Several effectors contain a conserved N-terminal translocation motif
DNA sequence analysis of the chromosomal region surrounding the PhoP-activated gene pagJ led to the identification of a gene encoding a 700-amino-acid protein that was designated SspH1 (Miao et al., 1999). Probes derived from sspH1 detected a second hybridizing sequence that contained a gene, named sspH2, which encodes a protein of similar size and 69% identity to SspH1. The SspH1 and SspH2 proteins contain leucine-rich repeats. SspH1 was shown to be a target of the SPI-1 and SPI-2 TTSSs, whereas SspH2 translocation was restricted to the SPI-2 TTSS. Both proteins are similar to the Shigella flexneri and Yersinia TTSS effectors IpaH and YopM. A third protein that contains leucine-rich repeats and is similar to SspH1 and SspH2 is SlrP, which was identified as contributing to virulence in mice by an STM screen for genes involved in host adaptation to mice and calves (Tsolis et al., 1999). In contrast to SlrP, SspH1 and SspH2 are not involved in murine systemic infection but do contribute to the virulence of S. typhimurium in calves (Miao et al., 1999).
In a later report by Miao and Miller (2000), a further four ORFs which encode likely effector proteins were identified on the basis of the similarity of their amino termini to those of SspH1, SspH2 and SlrP. These were SifA (Stein et al., 1996) and the previously undescribed proteins SseI, SseJ and SifB. The sequence of SseI gives no clue to its possible function. SseJ is 30% identical to the glycerophospholipid:cholesterol acyltransferase of Aeromonas and includes three residues that make up the catalytic triad of the enzyme, within three conserved regions that exist in all members of this family of acyl transferases. SifB shares 30% overall amino acid identity with SifA, but SifA has no significant similarity to other database entries.
Use of transcriptional reporter fusions showed that expression of sspH2, sseI, sseJ, sifA and sifB is dependent on the SPI-2 TTSS regulator SsrA-SsrB. In contrast, sspH1 and slrP expression was independent of both SsrA-SsrB and the SPI-1 regulator HilA, suggesting that these two genes might be expressed constitutively (Miao and Miller, 2000). To determine if the amino-terminal conserved region of these proteins is required for their translocation, fusions were made to the Bordetella pertussis cyaA gene. Protein fusions to catalytic domains of adenylate cyclase toxin catalyse the conversion of ATP to cAMP only in the presence of calmodulin in the cytoplasm of eukaryotic cells. Hence, the cyaA gene acts as a very useful and sensitive translocation reporter (Sory and Cornelis, 1994). Increased cAMP levels inside host cells, caused by the translocation of SspH1, SspH2, SlrP, SseI and SseJ fusions across the phagosome membrane, was shown to be dependent upon the SPI-2 TTSS. SspH1 and SlrP fusions were also translocated across the plasma membrane by the SPI-1 TTSS. An alignment of the putative translocation signals of all seven proteins revealed a conserved region (WEKI(I/M)XXFF) present in all proteins at amino acid residues 34–41 of the alignment. An SspH1-CyaA fusion carrying a deletion in this motif eliminated its translocation by both SPI-1 and SPI-2 TTSSs (Miao and Miller, 2000). SPI-2-dependent translocation of SifB to the SCV membrane and Sifs has been demonstrated by immunofluorescence microscopy of an epitope-tagged protein (Freeman et al., 2003). Inactivation of sseI or sifB did not result in a detectable virulence defect in systemic infection of mice (Ruiz-Albert et al., 2002), although the high inoculum and relatively short duration of infection may have masked subtle defects. The lack of a virulence defect for sseI and sifB mutants has been confirmed in separate studies (Ho et al., 2002; Freeman et al., 2003). Both sifA and sseJ contribute to systemic infection and their functions are discussed further below.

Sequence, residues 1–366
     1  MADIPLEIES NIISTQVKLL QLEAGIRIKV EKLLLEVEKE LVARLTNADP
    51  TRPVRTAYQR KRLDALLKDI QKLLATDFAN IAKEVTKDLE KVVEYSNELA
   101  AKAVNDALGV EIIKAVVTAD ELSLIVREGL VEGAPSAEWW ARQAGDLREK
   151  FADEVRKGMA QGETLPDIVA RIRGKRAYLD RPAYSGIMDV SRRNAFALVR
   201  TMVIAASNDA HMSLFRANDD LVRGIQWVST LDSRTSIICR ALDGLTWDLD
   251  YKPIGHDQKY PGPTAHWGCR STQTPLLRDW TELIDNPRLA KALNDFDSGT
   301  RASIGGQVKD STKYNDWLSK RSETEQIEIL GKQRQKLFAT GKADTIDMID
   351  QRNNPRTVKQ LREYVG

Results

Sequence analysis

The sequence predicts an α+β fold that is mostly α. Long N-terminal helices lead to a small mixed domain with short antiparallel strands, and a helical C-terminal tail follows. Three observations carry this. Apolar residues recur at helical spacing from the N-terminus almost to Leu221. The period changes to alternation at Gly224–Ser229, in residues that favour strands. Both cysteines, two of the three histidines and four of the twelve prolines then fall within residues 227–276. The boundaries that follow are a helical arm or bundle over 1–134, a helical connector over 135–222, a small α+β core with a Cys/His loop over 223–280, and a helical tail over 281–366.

More recently, another SPI-2 effector (SopD2) has been identified that is 42% identical in amino acid sequence to SopD, a SPI-1 effector that mediates inflammation and fluid secretion in bovine ileal mucosa (Jones et al., 1998). An S. typhimurium sopD2 mutant has a virulence defect in mice, and the protein was shown to be translocated via the SPI-2 TTSS in epithelial cells to the SCV membrane, Sifs and late endocytic compartments (Brumell et al., 2003). Interestingly, the N-terminal 150 amino acids of SopD2 fused to GFP was sufficient to target the protein to late endocytic compartments and to induce their swelling. This was an important finding because it shows that the N-terminal region of SopD2 is likely to contribute to effector function as well being required for secretion/translocation (Brumell et al., 2003).